Definitions

ethnography of speaking

Ethnography of communication

The Ethnography of communication (EOC) is a method of discourse analysis in linguistics, which draws on the anthropological field of ethnography. Unlike ethnography proper, though, it takes both language and culture to be constitutive as well as constructive. According to Deborah Cameron (2001), EOC can be thought of as the application of ethnographic methods to the communication patterns of a group. Littlejohn & Foss (2005) recall that Dell Hymes suggests that “cultures communicate in different ways, but all forms of communication require a shared code, communicators who know and use the code, a channel, a setting, a message form, a topic, and an event created by transmission of the message (p. 312).”

So, EOC can be used as a means by which to study the interactions among members of various cultures: being able to discern which communication acts and/or codes are important to different groups, what types of meanings groups apply to different communication events, and how group members learn these codes provides insight into particular communities. This additional insight may be used to enhance communication with group members, make sense of group members’ decisions, and distinguish groups from one another, among other things.

History

Originally coined "Ethnography of speaking" in Dell Hymes eponymous 1962 paper, it was redefined in his 1964 paper, Introduction: Toward Ethnographies of Communication to accommodate for the non-vocal and non-verbal characteristics of communication.

Notable studies

Several research studies have used ethnography of communication as a methodological tool when conducting empirical research. Examples of this work include Philipsen’s (1975) study, which examined the ways in which blue-collar men living near Chicago communicated or did not communicate based on communication context, and Katriel’s (1990) study of Israeli communication acts involving griping and joking about national and public problems. These studies not only identify communication acts, codes, rules, functions, and norms, but they also offer different ways in which the method can be applied. Joel Sherzer's (1983) Kuna Ways of Speaking investigates the ways of speaking among the Kuna of Panama. This is a landmark study that focuses on curing ways, everyday speaking, puberty rites, and gathering house speech-making. It was the first monograph that explicitly took an ethnography of speaking perspective to the whole range of verbal practices among a group of people.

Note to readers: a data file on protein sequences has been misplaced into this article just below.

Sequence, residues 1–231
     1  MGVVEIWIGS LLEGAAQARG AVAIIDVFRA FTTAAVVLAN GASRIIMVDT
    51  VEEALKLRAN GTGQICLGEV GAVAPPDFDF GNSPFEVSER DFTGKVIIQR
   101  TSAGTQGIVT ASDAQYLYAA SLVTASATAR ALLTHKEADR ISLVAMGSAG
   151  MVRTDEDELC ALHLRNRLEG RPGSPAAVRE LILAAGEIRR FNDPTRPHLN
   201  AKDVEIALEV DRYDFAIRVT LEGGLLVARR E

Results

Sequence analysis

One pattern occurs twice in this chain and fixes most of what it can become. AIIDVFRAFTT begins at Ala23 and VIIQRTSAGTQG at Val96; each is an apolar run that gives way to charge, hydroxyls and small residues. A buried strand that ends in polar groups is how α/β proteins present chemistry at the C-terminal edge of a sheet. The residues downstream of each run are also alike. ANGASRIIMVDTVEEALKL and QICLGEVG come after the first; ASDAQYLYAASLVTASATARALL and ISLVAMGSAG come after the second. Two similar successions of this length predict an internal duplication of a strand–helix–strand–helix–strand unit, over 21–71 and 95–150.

References

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  • Hymes, D.H. (1962). "The ethnography of speaking". T. Gladwin and W. C. Sturtevant (eds) Anthropology and Human Behaviour. Washington, D. C.: Anthropology Society of Washington.
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  • Katriel, T. (1990). ‘Griping’ as a verbal ritual in some Israeli discourse. In D. Carbaugh (Ed.), Cultural Communication and Intercultural Contact. Hillsdale, NJ: Lawrence Erlbaum, pp. 99-114.
  • Lindlof, T. R, & Taylor, B. C. (2002). Qualitative Communication Research Methods 2nd ed.). Thousand Oaks, CA: Sage, pp. 44-47.
  • Littlejohn, S. W., & Foss, K. A. (2005). Theories of human communication (8th ed.). USA: Thompson Wadsworth, pp. 312-315.
  • Philipsen, G. (1975). Speaking “like a man” in Teamsterville: Culture patterns of role enactment in an urban neighborhood. Quarterly Journal of Speech, 61, 13-22.
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  • Sherzer, Joel. (1983). Kuna Ways of Speaking: An Ethnographic Perspective. Austin: The University of Texas Press.

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